The New World and its music

The New World and its music July 17, 2006

I saw The New World twice last December, once at a critics’ screening in Vancouver and once on a junket in Los Angeles, and both times, the film that I saw was 149 minutes long. But the version that was released across North America in January was 135 minutes long, and not only were some bits cut out, but other bits were added to the film, as well. So I have been meaning to see the shorter version for quite some time — and tonight, I finally got around to doing so, at the lovely VIFC theatre, as part of their Terrence Malick retrospective.

Since it has been seven months since I saw the longer version of this film, I am not entirely sure what bits are new and what bits are missing from the shorter version, though I have a few ideas.

Part of my uncertainty here stems from the fact that Malick is such a poetic, impressionistic filmmaker that his images don’t always follow a logical narrative sequence — and if you’ve got a memory like mine, which tends to remember the structure of a story and then fill in the gaps, it is easy to forget seemingly random or loosely connected images after only one or two viewings. This, by the way, is one of the reasons I love Koyaanisqatsi (1983); there are so many images packed into that utterly plot-less movie that it feels like I’m finding something new with each viewing.

The greatest re-discovery on viewing The New World this time, for me, was the music. At the junket, the studio gave us all free copies of James Horner’s soundtrack album, and I have listened to it frequently ever since. But, gosh, I think easily less than half of that 80-minute album must be in the actual film itself. And some of the film’s most sublime musical moments are completely missing from the album — partly because a number of those scenes make use of pre-existing works by Wagner, Mozart and the like, and not original Horner compositions. (To the extent that a Horner composition can ever be called “original”.)

I am especially intrigued by the way Malick uses a Mozart piano concerto to signify John Smith’s feelings about Pocahontas (never mind that Mozart would not actually compose this piece until almost 180 years later), and how this contrasts with a much more tentative bit of solo piano that accompanies the later courtship between Pocahontas and John Rolfe. I don’t recognize the latter bit of music, and I wonder if it is an original Horner piece that was cut from the CD, or if it is one of the more obscure pre-existing works. But the impression I get from these musical choices is that Smith is imposing an established, prefabricated, and essentially European template on his relationship with Pocahontas — for all his admiration of the Native way of life, he still sees it essentially through European eyes, and with a European agenda in mind — whereas Rolfe, although a European himself, is reaching out to her and trying to forge something new, something uniquely theirs. But like I say, that’s just an impression on my part; it could be that Malick had something completely different in mind.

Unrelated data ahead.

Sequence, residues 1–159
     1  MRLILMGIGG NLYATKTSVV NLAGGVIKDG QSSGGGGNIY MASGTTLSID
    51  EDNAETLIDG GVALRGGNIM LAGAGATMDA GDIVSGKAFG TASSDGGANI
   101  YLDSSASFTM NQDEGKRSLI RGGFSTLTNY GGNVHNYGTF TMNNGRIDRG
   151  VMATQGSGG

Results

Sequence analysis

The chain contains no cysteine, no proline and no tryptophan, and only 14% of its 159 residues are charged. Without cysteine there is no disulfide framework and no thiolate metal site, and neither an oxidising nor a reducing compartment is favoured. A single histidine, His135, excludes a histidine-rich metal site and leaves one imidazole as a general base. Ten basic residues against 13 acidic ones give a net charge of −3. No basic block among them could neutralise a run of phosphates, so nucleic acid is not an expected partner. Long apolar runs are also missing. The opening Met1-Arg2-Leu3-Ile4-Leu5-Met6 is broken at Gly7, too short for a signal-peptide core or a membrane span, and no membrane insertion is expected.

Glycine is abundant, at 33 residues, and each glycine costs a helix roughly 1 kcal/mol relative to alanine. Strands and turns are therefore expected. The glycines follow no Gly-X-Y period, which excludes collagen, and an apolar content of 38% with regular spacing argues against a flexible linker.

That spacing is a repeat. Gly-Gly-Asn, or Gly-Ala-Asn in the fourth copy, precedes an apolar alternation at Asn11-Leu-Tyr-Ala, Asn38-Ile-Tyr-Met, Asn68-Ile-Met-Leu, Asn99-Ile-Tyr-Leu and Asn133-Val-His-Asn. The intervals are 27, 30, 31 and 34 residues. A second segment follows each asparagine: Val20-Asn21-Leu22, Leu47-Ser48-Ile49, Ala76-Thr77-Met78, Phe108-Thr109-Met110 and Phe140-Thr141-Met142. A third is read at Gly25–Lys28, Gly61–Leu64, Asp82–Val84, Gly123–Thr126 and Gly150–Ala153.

FWIW, I also caught Malick’s Days of Heaven (1978) yesterday. I don’t think I like it as much as The New World, but it’s got plenty of fascinating images, too — the time-lapse plant growth, the fish swimming around the wineglass, etc. — and the storyline is replete with plot elements that seem almost biblical in origin.

Richard Gere kills a supervisor in a low-paying work environment and runs away? Moses, check. Richard Gere passes off his lover as his sister, and then she marries the local ruler, as it were? Abraham, Sarah, and Pharaoh, check. Plague of locusts? Check. I think we even see a fox running through a field on fire.

And perhaps the biggest surprise of Days of Heaven? Malick can shoot and cut an effective chase scene when he puts his mind to it. It’s not all slow-moving grass-waving-in-the-wind shots!

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